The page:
• WHAT OBAMA CAN LEARN FROM 'LINCOLN': ABC's Amy Walter and Rick Klein note in their latest episode of the ABC/Yahoo! Power Players series "Top Line," that this isn't the first time a president has been re-elected in tumultuous times with the challenge of a lame duck Congress to pass controversial legislation, a polarized electorate, and an even more polarized Congress. Is it the year 2012 … or 1865? In fact, it's both, which is what makes the new "Lincoln" movie and our current political situation so much fun - there is so much about these times that are similar. Granted this year's issue of an impending "fiscal cliff" is far less important than abolishing slavery, but there are so many other parallels. Obama could learn a lot from Lincoln's wheeling and dealing with politicians, as it is portrayed in the movie. WATCH:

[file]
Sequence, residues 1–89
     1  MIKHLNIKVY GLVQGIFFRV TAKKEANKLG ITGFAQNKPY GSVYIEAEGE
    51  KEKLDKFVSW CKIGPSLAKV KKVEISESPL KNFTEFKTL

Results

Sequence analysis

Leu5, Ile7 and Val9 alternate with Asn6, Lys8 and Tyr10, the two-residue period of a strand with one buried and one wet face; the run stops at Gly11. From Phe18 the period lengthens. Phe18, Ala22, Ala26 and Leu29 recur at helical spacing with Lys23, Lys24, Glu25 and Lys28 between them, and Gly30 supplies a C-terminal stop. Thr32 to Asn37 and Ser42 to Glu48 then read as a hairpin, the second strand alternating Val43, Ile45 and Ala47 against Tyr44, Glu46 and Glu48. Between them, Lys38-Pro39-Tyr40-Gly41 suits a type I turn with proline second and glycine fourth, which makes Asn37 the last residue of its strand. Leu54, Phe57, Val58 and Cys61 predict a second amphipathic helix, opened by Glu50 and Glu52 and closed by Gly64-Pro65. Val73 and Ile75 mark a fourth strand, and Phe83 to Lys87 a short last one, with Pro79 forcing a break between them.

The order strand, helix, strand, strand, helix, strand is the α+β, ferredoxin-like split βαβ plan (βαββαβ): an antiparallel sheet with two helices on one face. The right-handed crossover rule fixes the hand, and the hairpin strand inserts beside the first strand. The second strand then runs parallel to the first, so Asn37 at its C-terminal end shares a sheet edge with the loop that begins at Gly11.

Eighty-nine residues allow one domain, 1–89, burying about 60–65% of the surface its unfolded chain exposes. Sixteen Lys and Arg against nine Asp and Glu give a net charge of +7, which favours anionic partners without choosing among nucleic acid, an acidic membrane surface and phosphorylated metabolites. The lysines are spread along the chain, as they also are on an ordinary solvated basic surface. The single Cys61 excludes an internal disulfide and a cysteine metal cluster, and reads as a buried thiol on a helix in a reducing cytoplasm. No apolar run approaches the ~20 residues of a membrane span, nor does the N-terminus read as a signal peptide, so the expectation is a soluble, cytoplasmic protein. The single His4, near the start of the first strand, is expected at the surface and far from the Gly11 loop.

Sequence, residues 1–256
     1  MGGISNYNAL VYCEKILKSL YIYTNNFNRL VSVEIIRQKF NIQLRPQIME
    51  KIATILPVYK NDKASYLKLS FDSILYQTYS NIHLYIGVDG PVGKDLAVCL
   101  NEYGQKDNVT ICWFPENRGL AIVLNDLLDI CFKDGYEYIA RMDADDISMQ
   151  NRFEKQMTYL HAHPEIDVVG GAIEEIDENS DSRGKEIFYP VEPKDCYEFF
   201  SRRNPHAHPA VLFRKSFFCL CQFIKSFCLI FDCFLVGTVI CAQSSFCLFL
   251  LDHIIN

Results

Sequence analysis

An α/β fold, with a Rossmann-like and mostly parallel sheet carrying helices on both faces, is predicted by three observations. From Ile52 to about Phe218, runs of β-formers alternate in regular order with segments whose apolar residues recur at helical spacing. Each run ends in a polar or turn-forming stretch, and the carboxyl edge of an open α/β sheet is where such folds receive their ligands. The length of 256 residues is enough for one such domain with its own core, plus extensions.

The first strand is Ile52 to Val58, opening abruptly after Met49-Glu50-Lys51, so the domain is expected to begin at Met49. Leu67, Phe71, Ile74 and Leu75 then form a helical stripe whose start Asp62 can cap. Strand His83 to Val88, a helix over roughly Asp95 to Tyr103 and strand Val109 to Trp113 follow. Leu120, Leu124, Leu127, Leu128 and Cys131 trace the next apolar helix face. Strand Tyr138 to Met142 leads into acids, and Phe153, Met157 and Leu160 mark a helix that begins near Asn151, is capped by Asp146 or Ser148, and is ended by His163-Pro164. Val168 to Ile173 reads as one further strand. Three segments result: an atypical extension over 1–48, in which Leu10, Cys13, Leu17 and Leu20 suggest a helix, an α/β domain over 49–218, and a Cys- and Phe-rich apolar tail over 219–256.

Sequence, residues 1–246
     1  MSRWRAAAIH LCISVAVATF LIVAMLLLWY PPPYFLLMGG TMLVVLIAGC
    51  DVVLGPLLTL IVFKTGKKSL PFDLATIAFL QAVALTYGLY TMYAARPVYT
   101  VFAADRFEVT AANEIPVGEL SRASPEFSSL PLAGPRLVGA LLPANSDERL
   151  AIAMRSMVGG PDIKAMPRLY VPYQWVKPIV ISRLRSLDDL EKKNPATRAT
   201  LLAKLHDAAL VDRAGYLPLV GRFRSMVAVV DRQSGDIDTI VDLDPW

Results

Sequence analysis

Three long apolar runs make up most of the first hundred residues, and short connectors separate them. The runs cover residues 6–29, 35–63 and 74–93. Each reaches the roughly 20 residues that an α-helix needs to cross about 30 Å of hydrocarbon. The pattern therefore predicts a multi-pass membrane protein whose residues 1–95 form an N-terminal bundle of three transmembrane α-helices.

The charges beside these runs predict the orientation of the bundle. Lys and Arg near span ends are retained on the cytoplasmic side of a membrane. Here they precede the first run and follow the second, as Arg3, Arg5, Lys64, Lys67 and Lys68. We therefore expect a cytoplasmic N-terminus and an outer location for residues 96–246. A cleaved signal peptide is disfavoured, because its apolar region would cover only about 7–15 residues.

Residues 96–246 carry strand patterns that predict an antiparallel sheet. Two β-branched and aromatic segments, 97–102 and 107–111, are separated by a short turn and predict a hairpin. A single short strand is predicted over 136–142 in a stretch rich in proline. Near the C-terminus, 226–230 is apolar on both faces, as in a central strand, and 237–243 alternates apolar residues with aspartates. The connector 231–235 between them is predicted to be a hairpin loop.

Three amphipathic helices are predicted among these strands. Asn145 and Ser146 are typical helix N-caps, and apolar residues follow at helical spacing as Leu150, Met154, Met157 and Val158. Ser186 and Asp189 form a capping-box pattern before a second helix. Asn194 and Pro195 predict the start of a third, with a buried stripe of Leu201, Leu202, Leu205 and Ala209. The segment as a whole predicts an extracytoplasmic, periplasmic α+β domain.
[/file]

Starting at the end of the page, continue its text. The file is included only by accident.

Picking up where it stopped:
• THIS WEEK ON 'THIS WEEK': TIMOTHY GEITHNER. Treasury Secretary Timothy Geithner discusses the latest on the high-stakes stalemate over the fiscal cliff negotiations, Sunday on "This Week." Plus, George Stephanopoulos and the "This Week" powerhouse roundtable debate all the week's politics. Check the "This Week" page for full guest listings. Tune in Sunday: (h/t Imtiyaz Delawala)


"Absurd" - that's the word one top Republican Hill aide used to describe the plan that Treasury Secretary Timothy Geithner presented to GOP leaders yesterday to avoid the fiscal cliff.

And an aide to House Speaker Boehner described the White House's offer as "completely unrealistic" and "a break with reality."

Meanwhile, a top Democratic insider complained to ABC's Jonathan Karl that "the Republicans have taken to screaming at us."